May 2011


NY Times' Bittman on Toronto's food innovations

Another Pre-Dawn Flight


When the hotel clerk recommended that I set my alarm at 3 a.m. for my 6:15 a.m. flight to Miami, I gasped. Why is it that arrangements that seemed so reasonable a month ago are now horrifying? Maybe I should just cancel, spend an extra day in Canada, tour a cattle farm, chill? But no: The Florida trip is important, and so there I was, dutifully, in a cab at 4 a.m., to join a couple of hundred other bleary-eyed travelers on a long customs line that lasted until 4:45 a.m. (or maybe it was 5 a.m.? Who can remember, even only a couple of hours later) and led to a series of steel shutters. The customs officers were not as eager as the rest of us.

Anyway. I’ve been reflecting on my developing affection for Toronto (one reason I liked it more yesterday than on previous visits was because, for at least half the day, the sun was out). Its core reminds me of Queens – not Manhattan – in its astonishing diversity; everyone seems from everywhere.

Thus I wasn’t surprised when Nick Saul, who runs the city’s progressive, multi-faceted food agency, The Stop, picked me up yesterday morning and took me off to a farm “incubator,” where I met as many people of different nationalities in an hour as I do on an average day in New York. There, in the middle of a neighborhood that reeked of suburban sprawl, I chatted with men from India, Pakistan, Jamaica, China and Barbados, and with women from France, Zimbabwe and Canada (of all places). Evidently I’d just missed a Mauritian.

This all happened on the McVean Incubator Farm, where a non-profit called Farm Start loans people the land, equipment, and funds they need to see whether farming is the life for them. It’s too long a story for here and now, but I’ll get to it.

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City Hall decision supports farmers' markets

Happy Election Day everyone! Canada's food movement has brought food policy, critical issues to the forefront and their last job is to get out and vote today.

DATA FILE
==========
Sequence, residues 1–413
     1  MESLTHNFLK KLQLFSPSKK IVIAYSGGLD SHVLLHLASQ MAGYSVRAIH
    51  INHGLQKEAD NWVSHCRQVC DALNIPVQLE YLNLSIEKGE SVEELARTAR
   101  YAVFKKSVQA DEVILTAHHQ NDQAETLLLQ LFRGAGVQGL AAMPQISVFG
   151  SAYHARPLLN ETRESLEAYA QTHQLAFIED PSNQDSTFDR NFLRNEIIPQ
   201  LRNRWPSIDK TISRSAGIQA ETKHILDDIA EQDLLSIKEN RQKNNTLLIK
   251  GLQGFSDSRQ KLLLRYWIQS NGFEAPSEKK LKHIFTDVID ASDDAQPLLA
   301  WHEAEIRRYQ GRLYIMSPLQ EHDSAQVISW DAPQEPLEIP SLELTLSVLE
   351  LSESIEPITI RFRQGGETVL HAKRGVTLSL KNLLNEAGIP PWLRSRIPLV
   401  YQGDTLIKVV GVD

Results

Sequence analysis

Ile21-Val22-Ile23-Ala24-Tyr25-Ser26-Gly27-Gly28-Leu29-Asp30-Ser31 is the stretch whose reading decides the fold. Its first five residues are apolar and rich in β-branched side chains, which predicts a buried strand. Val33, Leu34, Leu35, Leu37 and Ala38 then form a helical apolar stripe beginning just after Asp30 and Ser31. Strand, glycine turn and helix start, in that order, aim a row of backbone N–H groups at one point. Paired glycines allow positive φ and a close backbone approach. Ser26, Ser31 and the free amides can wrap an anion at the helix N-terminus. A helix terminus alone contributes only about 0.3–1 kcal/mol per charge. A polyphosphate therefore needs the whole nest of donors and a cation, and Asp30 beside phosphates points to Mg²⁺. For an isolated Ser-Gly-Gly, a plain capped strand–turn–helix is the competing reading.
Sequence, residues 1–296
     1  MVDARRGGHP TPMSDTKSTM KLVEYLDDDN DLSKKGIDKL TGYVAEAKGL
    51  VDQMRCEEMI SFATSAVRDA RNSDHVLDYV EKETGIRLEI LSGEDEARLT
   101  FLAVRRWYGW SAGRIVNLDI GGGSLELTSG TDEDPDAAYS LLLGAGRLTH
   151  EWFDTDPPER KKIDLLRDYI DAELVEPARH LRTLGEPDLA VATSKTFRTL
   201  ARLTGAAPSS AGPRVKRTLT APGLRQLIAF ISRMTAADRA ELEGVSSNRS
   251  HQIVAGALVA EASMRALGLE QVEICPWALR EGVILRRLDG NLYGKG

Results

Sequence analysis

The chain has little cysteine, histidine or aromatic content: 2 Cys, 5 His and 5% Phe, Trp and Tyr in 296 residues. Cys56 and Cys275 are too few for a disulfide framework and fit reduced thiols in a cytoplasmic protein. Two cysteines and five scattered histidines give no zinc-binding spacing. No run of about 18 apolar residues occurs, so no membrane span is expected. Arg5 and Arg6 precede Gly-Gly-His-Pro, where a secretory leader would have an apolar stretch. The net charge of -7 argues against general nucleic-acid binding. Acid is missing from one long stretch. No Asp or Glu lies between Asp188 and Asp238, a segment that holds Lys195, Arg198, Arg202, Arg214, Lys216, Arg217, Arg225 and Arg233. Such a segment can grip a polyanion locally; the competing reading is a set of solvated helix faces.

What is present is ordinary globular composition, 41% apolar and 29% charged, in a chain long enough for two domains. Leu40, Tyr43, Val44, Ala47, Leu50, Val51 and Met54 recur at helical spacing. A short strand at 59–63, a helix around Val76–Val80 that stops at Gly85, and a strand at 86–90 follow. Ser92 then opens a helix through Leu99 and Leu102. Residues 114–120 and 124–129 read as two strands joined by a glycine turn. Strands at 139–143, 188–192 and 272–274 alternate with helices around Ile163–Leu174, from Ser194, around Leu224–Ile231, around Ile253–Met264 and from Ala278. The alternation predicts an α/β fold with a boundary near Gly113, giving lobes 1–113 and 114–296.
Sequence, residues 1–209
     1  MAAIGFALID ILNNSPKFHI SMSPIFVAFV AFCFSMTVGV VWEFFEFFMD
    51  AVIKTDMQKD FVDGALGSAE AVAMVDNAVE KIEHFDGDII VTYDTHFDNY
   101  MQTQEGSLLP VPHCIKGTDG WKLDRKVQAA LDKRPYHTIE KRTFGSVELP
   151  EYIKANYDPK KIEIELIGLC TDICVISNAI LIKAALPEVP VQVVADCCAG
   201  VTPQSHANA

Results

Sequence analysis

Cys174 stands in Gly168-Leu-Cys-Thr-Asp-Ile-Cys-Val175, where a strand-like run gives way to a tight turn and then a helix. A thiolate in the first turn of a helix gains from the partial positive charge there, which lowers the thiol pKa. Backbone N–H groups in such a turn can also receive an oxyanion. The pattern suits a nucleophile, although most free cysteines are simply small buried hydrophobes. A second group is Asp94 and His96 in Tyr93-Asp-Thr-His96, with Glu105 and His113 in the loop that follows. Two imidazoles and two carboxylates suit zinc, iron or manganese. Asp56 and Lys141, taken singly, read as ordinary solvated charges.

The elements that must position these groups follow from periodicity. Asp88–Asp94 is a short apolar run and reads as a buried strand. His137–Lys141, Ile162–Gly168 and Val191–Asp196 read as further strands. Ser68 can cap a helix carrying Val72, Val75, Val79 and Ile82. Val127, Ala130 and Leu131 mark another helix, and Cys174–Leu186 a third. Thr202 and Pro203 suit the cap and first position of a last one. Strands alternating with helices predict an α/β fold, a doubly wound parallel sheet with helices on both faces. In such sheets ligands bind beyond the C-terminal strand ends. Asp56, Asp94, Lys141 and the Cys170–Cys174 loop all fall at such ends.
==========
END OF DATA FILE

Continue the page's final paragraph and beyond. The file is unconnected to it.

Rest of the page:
In municipal matters, Food Forward sent of a letter to councillors on the Public Works & Infrastructure, a committee of City Council to thank them for their support for farmers' markets, in their decision last week not to increase their fees for parking. Click here for background on the decision and here for a National Post article covering the issue, and see our letter below:

Dear Councillors, Public Works and Infrastructure Committee,

I am writing to commend you on your decision Tuesday to maintain the one-time
parking fee of $71.97 for City farmers’ markets. As you know, your decision maintains the current practice of charging markets a one-time annual parking fee for their activities. This choice was a good one for the expanding number of communities served by farmers’ markets in Toronto.

Farmers’ markets are playing an important and growing role in many ways.
These include providing fresh healthy food, enhancing community spaces and in
incubating entrepreneurs and fostering job growth in Toronto’s food sector, which
supplies one in eight Toronto jobs. They are a key draw for several City Parks.

Support from City Council for farmers’ markets provides a great benefit to
the City and I’d like to express thanks on behalf of Food Forward’s members for your
decision. Thank you additionally to Councillor Mike Layton and Anne Freeman for
bringing attention to this matter.


Darcy Higgins
Executive Director
Food Forward